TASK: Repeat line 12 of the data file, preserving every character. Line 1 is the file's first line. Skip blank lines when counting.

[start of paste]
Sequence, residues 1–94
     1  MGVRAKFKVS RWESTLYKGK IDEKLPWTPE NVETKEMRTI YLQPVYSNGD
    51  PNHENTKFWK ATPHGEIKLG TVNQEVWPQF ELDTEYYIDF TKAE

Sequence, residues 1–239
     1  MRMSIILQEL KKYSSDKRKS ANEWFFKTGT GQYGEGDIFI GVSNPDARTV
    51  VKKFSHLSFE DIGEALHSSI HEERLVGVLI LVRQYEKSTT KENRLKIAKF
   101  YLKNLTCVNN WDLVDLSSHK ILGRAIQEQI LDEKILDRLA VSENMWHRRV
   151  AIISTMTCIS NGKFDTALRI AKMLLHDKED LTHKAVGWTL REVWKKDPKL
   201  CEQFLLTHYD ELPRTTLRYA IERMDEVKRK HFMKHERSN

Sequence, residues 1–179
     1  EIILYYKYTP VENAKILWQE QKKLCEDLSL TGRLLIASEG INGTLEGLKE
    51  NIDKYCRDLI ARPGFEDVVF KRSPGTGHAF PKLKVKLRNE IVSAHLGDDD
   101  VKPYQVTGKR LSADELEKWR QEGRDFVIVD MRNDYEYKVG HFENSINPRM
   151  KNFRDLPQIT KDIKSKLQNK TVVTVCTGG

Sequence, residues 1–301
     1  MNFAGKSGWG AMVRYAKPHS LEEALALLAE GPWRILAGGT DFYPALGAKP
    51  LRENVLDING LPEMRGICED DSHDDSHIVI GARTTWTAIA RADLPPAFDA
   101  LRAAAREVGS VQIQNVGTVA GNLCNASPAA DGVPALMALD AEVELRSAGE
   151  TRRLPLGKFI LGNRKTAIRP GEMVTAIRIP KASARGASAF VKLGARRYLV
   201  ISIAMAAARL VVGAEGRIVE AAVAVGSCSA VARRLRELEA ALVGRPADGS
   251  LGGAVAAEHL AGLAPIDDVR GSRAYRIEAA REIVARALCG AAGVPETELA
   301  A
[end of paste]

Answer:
    51  NIDKYCRDLI ARPGFEDVVF KRSPGTGHAF PKLKVKLRNE IVSAHLGDDD